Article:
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NCJRS Abstract

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NCJ Number: 184880 Find in a Library
Title: Community Defense and the Challenge of Community Justice
Journal: National Institute of Justice Journal  Issue:231  Dated:August 1996  Pages:41-45
Series: NIJ Journal
Author(s): Christopher Stone
Date Published: August 1996
Page Count: 5
Sponsoring Agency: National Institute of Justice/NCJRS
Rockville, MD 20849
NCJRS Photocopy Services
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Sale Source: National Institute of Justice/NCJRS
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Rockville, MD 20849
United States of America

NCJRS Photocopy Services
Box 6000
Rockville, MD 20849-6000
United States of America
Document: PDF
Type: Program Description (Demonstrative)
Format: Article
Language: English
Country: United States of America
Annotation: The Neighborhood Defender Service (NDS) in Harlem, New York, was an experiment aimed at developing and testing new ways of organizing and deploying public defenders to solve problems of community justice yet provide high-quality representation.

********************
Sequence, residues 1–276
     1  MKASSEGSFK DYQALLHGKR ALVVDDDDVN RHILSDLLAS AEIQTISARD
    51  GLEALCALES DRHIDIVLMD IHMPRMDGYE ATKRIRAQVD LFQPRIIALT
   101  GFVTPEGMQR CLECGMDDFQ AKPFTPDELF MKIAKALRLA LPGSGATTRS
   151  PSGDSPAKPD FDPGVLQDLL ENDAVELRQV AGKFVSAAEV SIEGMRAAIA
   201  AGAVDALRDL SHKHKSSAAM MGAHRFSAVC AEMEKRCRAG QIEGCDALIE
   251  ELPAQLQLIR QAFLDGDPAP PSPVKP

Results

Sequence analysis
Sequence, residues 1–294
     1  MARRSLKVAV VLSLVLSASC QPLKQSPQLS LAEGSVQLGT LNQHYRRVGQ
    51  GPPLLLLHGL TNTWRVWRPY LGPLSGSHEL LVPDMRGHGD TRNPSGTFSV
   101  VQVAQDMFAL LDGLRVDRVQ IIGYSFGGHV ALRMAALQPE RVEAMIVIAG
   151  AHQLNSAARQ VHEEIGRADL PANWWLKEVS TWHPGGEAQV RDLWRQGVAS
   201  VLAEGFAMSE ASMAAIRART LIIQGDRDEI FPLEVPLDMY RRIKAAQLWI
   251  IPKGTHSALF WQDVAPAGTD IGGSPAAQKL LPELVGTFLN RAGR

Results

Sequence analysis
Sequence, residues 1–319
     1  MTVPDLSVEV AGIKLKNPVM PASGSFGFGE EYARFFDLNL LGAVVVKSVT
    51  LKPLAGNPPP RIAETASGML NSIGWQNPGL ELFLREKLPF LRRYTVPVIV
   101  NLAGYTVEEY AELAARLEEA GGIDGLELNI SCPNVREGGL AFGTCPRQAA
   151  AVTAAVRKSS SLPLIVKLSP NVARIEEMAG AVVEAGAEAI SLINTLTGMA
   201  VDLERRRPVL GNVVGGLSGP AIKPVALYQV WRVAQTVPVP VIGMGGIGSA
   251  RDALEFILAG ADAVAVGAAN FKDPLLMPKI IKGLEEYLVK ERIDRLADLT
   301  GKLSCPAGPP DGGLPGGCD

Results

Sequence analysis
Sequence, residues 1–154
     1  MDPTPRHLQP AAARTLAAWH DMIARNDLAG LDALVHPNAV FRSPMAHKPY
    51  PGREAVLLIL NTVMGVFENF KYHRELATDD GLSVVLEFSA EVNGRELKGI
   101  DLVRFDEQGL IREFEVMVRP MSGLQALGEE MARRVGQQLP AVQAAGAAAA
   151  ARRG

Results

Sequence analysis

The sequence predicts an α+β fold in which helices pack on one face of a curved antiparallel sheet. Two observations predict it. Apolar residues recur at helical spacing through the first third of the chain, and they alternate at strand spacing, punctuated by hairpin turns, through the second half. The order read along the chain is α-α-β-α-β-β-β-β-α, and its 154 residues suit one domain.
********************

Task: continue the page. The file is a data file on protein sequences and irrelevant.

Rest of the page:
Abstract: Begun in 1990 by the Vera Institute of Justice in partnership with New York City and New York State, the 5-year project operated alongside the far larger Legal Aid Society. The NDS differed from traditional public defenders in its relationship to client base, staff structure, and priorities. The NDS represented individuals accused of crimes who could not afford private lawyers and was based in the community. Instead of waiting for the court to assign the NDS to represent a client, the NDS encouraged Harlem residents to call the office any time. In contrast to the usual practice of assigning a client to a single attorney, each NDS client was represented by a team. The NDS assigned the highest priority to investigating and advocating for clients at the start of their cases, sometimes even before arrest. Further, the NDS was able to deal with the social realities of neighborhood disputes that court-based prosecutors were rarely familiar with. Although the NDS was cost-effective in that clients received significantly shorter sentences, the NDS did not significantly reduce detention decisions at the initial bail hearing. The author believes the experiences gained from the NDS can inform the development of public defenders and the community justice movement in general. 2 notes and 1 photograph
Main Term(s): Courts
Index Term(s): Court appointed prosecutors; Legal aid services; New York; Prosecution; Public defenders
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